There are a lot of different kinds of mathematical experiences students can have over the summer. Many students engage in research either on- or off-campus, others attend programs where they essentially take classes, and a few find internships that have a mathematical sciences flavor.
Requesting a REU letter of recommendation:
1. Click on this link to the “view only” spreadsheet that organizes summer research application information.
2. Copy this file and name it “
3. Complete this document with all of the information for all of the programs to which you are applying. You may update the information at any time, but should remember to tell your letter writers that you’ve done so.
4. Use the “share” option to share your completed document with your letter writers, making sure they have the ability to edit the google sheet.
5. In the spring, there might be some follow-up, when you will be asked (but not required) to give some further information to the college about your summer research plans.
Research Experience for Undergraduates: Many colleges and universities have REU programs sponsored by the National Science Foundation. Students get paid to spend 6-10 weeks working on a research project given to them by the faculty participating in the REU. Usually students spend a couple of weeks at the beginning of the program learning their topic area, then work in groups on the research. Some REU programs are designed for rising seniors who are very serious mathematics students, while others are designed for rising juniors and even younger students who do not yet have a lot of mathematics courses under their belts. Unfortunately, you’ll need to wade through a lot of links to find the right program for you. If you have questions about REUs, talk to professors Hwayeon Ryu or Matthew Wright, or your academic advisor.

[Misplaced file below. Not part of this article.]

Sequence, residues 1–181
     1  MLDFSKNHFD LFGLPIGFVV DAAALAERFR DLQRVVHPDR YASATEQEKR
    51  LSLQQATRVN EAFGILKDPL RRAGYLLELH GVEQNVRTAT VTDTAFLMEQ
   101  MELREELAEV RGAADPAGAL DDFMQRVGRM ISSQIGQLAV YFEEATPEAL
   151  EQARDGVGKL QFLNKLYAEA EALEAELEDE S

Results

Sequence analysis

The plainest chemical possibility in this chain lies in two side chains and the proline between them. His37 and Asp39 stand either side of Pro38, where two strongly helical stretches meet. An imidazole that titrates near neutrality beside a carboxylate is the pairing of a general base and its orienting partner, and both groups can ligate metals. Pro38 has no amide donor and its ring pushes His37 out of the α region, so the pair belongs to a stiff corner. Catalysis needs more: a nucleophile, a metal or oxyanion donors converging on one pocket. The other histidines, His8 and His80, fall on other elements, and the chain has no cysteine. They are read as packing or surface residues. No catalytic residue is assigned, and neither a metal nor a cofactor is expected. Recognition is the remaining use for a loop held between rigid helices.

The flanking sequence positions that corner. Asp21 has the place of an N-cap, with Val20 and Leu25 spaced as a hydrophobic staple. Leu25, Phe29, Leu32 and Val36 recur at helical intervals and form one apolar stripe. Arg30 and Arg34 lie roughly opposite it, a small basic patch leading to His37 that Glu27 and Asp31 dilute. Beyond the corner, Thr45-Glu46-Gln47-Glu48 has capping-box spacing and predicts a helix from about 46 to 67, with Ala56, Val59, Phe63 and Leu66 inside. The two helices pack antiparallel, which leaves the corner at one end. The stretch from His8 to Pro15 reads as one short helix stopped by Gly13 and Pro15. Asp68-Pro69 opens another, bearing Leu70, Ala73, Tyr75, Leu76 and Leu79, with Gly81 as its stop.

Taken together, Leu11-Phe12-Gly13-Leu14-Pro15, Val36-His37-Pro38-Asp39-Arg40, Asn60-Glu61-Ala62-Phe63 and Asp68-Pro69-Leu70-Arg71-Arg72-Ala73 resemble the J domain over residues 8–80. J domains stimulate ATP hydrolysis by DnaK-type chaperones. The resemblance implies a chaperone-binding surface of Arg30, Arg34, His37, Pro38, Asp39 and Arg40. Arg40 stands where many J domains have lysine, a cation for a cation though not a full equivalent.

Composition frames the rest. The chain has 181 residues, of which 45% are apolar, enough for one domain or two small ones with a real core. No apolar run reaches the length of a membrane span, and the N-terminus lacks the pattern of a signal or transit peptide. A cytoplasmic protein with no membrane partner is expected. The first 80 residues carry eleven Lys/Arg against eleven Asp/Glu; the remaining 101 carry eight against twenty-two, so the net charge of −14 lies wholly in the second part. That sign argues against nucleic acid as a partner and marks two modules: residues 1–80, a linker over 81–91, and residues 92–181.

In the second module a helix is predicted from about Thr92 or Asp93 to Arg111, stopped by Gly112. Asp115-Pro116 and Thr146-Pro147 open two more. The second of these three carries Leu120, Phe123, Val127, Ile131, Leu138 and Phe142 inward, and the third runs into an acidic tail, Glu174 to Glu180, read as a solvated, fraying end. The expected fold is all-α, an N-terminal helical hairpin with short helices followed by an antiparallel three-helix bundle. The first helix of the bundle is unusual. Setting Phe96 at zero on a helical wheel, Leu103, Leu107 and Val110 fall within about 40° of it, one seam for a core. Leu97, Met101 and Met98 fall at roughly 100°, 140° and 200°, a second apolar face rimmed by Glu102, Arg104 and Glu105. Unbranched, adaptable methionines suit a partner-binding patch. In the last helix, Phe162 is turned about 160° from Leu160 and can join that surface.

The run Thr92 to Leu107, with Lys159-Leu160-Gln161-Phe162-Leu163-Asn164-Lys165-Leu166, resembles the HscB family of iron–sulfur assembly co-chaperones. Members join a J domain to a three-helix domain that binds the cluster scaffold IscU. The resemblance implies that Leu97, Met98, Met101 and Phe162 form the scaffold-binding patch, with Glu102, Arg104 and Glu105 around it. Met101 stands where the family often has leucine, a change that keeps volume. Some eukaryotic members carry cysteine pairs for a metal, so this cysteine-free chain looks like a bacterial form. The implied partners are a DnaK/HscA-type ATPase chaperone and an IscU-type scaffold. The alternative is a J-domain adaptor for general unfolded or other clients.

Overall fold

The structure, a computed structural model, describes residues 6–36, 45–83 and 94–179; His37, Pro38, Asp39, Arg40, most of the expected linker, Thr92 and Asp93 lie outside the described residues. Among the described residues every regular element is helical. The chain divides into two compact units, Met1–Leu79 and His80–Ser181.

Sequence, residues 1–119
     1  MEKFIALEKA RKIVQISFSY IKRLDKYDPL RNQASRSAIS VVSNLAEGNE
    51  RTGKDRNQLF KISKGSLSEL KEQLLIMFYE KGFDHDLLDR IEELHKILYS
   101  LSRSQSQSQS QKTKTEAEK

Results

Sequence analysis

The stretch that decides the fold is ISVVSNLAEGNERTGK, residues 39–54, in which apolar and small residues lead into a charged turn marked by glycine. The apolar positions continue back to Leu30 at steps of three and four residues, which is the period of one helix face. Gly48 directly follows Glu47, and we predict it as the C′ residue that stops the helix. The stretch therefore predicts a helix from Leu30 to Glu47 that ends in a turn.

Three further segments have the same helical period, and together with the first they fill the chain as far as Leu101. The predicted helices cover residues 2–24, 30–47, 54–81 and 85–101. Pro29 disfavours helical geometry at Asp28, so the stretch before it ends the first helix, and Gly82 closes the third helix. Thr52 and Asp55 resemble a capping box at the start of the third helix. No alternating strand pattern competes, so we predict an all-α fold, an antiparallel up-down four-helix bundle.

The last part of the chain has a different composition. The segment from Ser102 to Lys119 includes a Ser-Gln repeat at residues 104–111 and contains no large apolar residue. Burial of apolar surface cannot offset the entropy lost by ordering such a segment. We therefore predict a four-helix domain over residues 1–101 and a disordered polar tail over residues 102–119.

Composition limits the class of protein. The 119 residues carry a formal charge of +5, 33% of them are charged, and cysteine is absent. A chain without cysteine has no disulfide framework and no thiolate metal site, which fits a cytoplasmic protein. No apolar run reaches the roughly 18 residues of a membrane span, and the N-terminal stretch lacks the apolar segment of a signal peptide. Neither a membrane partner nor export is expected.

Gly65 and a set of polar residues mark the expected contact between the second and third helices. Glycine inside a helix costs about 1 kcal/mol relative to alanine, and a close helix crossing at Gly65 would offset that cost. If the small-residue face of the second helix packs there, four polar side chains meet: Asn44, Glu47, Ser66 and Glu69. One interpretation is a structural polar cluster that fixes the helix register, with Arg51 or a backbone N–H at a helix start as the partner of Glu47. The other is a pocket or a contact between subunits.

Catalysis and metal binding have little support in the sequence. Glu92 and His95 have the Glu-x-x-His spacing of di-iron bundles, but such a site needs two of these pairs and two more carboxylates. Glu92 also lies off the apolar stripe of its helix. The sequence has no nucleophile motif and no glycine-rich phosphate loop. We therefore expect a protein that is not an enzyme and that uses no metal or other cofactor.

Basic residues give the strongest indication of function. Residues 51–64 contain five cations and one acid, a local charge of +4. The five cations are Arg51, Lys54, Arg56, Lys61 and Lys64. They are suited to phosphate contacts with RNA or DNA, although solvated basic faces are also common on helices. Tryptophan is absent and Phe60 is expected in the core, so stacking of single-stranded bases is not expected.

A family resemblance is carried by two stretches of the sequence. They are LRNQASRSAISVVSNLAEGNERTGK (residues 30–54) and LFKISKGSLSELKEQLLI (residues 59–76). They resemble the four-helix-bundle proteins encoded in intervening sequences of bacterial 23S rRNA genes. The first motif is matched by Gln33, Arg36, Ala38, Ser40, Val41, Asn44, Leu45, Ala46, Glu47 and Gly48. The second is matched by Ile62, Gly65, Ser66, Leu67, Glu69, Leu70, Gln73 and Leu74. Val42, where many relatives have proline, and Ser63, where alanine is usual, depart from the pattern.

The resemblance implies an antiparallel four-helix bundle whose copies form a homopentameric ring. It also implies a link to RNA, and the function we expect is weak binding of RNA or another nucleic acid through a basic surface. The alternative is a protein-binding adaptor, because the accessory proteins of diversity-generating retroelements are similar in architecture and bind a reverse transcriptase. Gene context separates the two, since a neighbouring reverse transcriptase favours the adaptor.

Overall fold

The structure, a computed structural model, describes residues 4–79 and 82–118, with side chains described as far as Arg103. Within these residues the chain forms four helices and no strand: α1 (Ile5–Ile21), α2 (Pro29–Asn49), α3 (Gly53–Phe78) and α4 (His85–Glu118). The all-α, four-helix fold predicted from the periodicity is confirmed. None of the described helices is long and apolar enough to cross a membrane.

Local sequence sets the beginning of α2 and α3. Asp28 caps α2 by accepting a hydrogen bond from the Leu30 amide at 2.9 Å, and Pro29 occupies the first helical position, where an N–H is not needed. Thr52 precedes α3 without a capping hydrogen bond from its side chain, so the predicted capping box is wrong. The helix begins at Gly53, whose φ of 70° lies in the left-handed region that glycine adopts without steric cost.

- 2016 Math REUs – List compiled by Steve Butler at Iowa State
- NSF Sponsored REUs: This is a list of schools currently receiving funding for REU programs from the NSF.
- Math Biology REUs: This is a list of summer research opportunities in Math Biology. Contact Hwayeon Ryu if you would like more information.
Research at St. Olaf: There is some funding for students to stay on the hill and work with St. Olaf faculty over the summer. Similar to the REUs described above, students get paid to spend 10 weeks working on a research problem in mathematics, statistics, or computer science. The formal process for obtaining one of these positions is under reconstruction, so ask a professor or the chair of MSCS if you want to know more about doing research on campus. You can also dig around the Collaborative Undergraduate Research and Inquiry (CURI) website for summer research information.
Other Summer Programs: There are other opportunities in the mathematical sciences during the summer, some of these are advertised in the MSCS Mess (contact Patty Martinez if you want to receive a weekly copy).